Humans aren’t perfect but that doesn’t stop them from trying to be. More so, the pursuit perfection can only cause the pursuer to realize that they are trying to reach an unreachable peak. Millennials tend to be more preoccupied with trying to appear flawless and well-adjusted something that eventually would lead them to depression and anxiety. This is what a recent study published in the journal, Psychological Bulletin, claims.
The medical definition of perfectionism as found in the Merriam-Webster dictionary is „the setting of unrealistically demanding goals accompanied by a disposition to regard failure to achieve them as unacceptable and a sign of personal worthlessness.”
Based on this notion, researchers took it upon themselves to explore why and how young people subject themselves to unrealistic goals. The study involved over 40 thousand American, Canadian, and British college students that lasted from 1989 to 2016. Researchers discovered that perfectionism increased over the years with the United States being a hot spot for the mentality.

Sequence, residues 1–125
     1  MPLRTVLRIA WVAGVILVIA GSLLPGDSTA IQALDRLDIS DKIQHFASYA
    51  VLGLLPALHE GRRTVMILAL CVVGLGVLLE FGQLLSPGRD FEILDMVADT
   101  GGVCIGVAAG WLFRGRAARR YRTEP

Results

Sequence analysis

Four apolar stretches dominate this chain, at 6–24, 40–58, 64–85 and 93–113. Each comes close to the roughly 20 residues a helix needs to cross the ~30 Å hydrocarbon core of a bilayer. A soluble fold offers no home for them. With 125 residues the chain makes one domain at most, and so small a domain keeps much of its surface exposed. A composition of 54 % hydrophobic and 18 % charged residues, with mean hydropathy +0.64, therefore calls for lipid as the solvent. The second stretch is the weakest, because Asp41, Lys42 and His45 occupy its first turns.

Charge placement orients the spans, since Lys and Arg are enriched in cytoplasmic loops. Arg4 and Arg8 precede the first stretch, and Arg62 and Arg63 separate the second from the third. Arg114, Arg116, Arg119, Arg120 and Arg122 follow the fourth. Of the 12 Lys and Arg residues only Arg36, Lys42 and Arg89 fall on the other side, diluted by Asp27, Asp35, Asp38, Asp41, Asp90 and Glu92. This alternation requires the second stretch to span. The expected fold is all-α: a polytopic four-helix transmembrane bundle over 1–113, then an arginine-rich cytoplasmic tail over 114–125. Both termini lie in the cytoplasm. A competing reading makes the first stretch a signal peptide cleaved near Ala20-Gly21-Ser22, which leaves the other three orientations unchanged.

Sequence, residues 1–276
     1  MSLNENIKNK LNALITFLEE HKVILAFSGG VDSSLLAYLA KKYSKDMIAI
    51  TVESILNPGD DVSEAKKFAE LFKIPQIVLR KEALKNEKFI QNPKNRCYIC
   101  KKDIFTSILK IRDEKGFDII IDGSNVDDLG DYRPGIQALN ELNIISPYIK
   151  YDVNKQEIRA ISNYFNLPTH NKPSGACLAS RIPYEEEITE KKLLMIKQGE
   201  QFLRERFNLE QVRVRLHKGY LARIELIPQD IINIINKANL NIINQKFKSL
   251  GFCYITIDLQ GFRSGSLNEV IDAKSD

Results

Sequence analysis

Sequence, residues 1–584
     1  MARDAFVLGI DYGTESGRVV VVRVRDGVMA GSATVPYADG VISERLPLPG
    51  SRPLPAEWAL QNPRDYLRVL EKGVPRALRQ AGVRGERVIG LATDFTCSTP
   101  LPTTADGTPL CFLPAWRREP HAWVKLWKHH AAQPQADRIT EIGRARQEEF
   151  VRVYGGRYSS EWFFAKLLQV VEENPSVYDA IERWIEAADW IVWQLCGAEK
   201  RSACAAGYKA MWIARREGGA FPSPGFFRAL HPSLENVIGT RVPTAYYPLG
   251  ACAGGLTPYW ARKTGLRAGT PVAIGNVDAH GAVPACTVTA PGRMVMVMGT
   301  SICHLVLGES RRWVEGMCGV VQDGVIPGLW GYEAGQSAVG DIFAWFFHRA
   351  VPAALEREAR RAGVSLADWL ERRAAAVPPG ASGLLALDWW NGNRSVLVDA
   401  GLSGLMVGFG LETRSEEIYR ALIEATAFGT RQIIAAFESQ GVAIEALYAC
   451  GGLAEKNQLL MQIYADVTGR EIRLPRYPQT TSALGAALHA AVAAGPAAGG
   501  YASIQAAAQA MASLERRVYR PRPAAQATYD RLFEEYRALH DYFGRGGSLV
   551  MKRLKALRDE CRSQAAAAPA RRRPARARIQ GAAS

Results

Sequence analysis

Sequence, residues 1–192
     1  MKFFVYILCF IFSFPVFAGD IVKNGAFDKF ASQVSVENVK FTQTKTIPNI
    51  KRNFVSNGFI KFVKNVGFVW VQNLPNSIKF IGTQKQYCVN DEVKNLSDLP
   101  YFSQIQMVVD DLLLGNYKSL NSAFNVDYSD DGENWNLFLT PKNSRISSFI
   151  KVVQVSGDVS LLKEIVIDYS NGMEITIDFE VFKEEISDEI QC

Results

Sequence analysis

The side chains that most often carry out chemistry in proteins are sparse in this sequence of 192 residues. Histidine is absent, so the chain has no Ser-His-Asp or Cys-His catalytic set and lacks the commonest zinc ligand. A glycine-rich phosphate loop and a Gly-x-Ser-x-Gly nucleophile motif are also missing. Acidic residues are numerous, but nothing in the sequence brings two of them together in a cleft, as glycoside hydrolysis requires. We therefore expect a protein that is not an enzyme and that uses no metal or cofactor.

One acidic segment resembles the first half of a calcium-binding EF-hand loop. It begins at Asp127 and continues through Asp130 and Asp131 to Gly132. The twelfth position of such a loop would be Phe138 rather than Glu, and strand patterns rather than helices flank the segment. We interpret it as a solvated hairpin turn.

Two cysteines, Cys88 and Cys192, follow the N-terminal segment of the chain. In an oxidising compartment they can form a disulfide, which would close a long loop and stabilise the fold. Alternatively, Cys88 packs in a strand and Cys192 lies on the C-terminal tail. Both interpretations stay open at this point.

According to the study, there are three reasons for this increase: anxious and controlling parents, the rise of neoliberalism, and the prevalence of meritocracy.
The authors claim that parents have an additional burden of pushing their children to succeed in life as to not tarnish family reputation. More so, researchers pointed out that college students and young people who are self-oriented perfectionists are prone to clinical depression, anorexia, and even early death.
The study states that there are different types of perfectionism. Self-oriented perfectionism, for example, refers to a person who pressures himself or herself to be perfect. Then there is socially prescribed perfectionism, which is the pressure put on by society to be perfect. Another side to this phenomenon is other-oriented perfectionism, the pressure one puts on others to be perfect.
Socially prescribed perfectionism was linked with social phobia, body dissatisfaction, suicidal tendencies. This type also was found to have the strongest link to depression and anxiety.
Dr. Barbara Greenberg, a clinical psychologist, blames this phenomenon on social media. She points out that millennials are constantly under a „figurative microscope” forcing them to become more self-conscious and set unattainable goals.
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